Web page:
The natural production of water or water cycle is also affected, creating a ripple effect. The report predicts “Extreme sea-level events that previously occurred once in 100 years could happen every year by the end of this century.” Changes to the ocean include acidification and lower oxygen levels, which we expect to continue for at least the rest of this century. Effectively, we are killing our oceans’ health and destroying all life in the process. Whoopy us!
The reality is that at 1.5°C global warmings, heavy precipitation, and associated floodings are projected to intensify and be more frequent in most regions in Africa and Asia (high confidence), North America (medium to high confidence), and Europe (medium confidence). We are reshaping the map of our world, and not for the best.
Several things are now clear… Among them are:
- Human influence on the climate system is now an established fact
- Observation of substantial global warming to date is substantiated
- Paleoclimate evidence – substantial changes unprecedented in centuries or millennia
- Since 2012, strong warmings have been observed, with the past five years (2016–2020) being the hottest five-year period in the instrumental record since at least 1850 (high confidence)
- The magnitude of climate system response
- Improved constraints on projections of future climate change – the assessed future change in surface temperatures are consistent
- Air quality – primarily by precursor emissions, including methane shows higher pollution
- Global water cycles – human-caused climate change has driven detectable changes in the global water cycle
Whereas we may have had doubts in the past, science relays to all of us that these shifts are real and not going away without our help. We must intercede for our planet.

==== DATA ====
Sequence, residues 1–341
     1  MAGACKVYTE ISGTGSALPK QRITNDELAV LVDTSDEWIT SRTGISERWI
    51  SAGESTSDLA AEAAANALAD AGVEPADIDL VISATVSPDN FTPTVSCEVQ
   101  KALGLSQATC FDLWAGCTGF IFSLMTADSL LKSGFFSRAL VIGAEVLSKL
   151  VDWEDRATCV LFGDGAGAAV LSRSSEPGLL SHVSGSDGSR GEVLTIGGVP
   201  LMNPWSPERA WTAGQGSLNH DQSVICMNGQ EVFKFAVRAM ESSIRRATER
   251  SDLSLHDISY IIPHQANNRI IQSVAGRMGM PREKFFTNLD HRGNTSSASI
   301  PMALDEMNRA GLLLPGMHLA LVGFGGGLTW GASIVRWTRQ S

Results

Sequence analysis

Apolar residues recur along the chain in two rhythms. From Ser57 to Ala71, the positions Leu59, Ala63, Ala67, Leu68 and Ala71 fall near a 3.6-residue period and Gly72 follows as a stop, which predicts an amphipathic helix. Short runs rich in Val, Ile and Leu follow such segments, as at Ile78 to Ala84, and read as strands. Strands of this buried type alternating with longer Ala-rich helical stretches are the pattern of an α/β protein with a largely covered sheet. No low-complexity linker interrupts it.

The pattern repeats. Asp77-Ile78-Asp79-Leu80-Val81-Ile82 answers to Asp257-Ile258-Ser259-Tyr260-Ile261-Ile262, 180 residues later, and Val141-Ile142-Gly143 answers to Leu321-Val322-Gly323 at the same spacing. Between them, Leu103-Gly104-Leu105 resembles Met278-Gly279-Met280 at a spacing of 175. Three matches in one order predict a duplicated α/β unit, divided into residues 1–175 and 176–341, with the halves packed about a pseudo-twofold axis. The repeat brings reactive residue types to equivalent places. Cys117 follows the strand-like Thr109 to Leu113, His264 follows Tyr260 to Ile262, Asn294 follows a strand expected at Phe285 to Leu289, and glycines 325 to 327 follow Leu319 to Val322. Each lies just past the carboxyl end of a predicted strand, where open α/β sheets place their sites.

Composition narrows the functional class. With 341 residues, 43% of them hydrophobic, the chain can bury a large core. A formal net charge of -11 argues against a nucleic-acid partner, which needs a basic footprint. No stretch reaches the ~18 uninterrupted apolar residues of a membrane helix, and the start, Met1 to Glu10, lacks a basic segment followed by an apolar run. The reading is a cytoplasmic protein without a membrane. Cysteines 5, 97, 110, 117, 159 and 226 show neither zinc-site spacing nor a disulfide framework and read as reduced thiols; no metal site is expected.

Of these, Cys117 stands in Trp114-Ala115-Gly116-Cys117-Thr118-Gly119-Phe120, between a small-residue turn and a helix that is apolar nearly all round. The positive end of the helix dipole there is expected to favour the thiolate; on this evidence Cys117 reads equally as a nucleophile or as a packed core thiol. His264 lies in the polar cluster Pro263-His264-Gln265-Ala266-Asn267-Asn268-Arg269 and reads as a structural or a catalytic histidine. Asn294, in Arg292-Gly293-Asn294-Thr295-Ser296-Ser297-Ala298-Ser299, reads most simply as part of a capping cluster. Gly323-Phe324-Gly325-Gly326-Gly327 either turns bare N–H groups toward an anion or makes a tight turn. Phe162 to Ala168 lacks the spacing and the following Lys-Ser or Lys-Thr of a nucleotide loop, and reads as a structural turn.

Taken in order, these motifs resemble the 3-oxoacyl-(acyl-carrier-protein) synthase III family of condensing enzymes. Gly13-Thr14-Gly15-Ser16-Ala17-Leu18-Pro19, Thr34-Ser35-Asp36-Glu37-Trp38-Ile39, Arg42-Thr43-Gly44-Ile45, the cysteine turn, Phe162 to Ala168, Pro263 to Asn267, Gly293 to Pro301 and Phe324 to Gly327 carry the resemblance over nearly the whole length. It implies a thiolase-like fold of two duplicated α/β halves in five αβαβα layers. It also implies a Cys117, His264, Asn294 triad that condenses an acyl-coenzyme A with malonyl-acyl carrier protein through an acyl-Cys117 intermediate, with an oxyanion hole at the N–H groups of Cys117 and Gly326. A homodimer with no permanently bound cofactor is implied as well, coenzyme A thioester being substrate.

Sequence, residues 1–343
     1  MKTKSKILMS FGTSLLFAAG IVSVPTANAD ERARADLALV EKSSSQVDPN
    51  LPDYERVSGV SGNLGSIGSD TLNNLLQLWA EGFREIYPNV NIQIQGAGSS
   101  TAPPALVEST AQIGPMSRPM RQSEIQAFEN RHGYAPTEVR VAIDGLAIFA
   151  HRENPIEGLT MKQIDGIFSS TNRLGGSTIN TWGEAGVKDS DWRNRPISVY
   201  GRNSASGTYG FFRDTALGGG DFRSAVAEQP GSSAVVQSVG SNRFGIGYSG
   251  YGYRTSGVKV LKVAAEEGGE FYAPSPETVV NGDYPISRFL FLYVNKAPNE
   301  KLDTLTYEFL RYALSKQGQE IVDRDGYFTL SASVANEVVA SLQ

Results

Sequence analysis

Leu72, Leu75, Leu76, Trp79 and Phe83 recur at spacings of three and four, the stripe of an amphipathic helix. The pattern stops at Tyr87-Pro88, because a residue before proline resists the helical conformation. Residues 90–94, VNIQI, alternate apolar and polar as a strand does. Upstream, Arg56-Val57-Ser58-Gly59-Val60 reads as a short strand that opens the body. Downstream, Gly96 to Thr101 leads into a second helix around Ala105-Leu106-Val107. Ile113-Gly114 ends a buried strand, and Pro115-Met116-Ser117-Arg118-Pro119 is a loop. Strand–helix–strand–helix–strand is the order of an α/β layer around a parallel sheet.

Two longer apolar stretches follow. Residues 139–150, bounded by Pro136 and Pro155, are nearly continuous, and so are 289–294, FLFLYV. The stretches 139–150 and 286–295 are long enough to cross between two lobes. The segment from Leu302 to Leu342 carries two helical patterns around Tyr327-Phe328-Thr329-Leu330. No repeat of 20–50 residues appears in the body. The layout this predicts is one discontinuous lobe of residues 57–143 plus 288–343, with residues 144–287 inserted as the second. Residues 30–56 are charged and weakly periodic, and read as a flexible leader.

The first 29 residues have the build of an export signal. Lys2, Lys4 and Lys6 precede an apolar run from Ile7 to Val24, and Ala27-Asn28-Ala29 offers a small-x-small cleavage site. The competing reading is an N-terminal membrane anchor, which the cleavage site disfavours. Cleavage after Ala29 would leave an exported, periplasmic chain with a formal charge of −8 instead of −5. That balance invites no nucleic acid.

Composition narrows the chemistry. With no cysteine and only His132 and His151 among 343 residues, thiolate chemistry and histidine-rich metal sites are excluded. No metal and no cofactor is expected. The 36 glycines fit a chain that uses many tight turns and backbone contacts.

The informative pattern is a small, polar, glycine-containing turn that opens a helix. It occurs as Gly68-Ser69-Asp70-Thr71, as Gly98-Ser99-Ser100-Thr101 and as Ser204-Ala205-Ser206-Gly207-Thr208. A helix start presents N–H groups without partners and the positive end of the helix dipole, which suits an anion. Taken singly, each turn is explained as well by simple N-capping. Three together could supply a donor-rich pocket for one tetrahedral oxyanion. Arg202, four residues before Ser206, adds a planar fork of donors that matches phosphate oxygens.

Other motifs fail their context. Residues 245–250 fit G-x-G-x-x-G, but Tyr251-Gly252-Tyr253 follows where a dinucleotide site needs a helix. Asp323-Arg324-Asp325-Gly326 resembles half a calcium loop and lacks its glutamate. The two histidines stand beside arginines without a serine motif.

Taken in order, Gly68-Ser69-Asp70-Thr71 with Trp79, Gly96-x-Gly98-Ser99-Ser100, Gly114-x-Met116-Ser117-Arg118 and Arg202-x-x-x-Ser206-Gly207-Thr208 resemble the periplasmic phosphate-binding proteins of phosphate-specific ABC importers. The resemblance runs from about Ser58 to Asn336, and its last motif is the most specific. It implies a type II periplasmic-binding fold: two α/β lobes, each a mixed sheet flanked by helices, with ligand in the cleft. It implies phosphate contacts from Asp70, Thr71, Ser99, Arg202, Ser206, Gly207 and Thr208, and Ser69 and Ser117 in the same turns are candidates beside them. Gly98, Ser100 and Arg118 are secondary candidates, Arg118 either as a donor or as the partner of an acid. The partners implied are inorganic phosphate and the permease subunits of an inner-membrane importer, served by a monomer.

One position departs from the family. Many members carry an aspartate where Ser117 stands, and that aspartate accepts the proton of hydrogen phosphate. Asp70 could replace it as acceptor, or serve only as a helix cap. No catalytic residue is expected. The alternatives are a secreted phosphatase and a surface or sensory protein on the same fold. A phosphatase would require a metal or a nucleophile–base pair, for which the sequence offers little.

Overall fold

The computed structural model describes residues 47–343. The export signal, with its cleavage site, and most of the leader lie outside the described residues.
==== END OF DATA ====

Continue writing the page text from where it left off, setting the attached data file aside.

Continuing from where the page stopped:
Hot Hot Hot for Cities
Some scientists have predicted that by 2050, 47 of our world cities will become unlivable, and here are a few of them:
- More than 3.3 million Miami residents could face catastrophic flooding by 2100.
- New Orleans could be underwater as well.
- Chicago could face fatal heatwave at any time.
- Summer temperature in Dubai could reach 113 degrees.
- The daily temperature in Abu Dhabi could become unbearable.
- Large areas of Jakarta, Indonesia, could be underwater.
- Shanghai, China, could see deadly high temperatures by 2070.
- Beijing smog could threaten health and livability.
- New Delhi, India, could see increase headaches and nausea due to smog and heatwaves.
- Floods strip away available land in Bangladesh.
- Lagos, Nigeria, faces the threat of sea level.
- The Persian Gulf may be too hot for human survival by 2090.
- New York City will be impacted by flooding.
- Phoenix, Arizona, is expected to have a temperature over 100 degrees for over 136 days.
- Los Angeles, CA, faces rising temperature, increased fires, rising sea levels, and considerable risks to city water supply due to droughts, affecting agricultural output.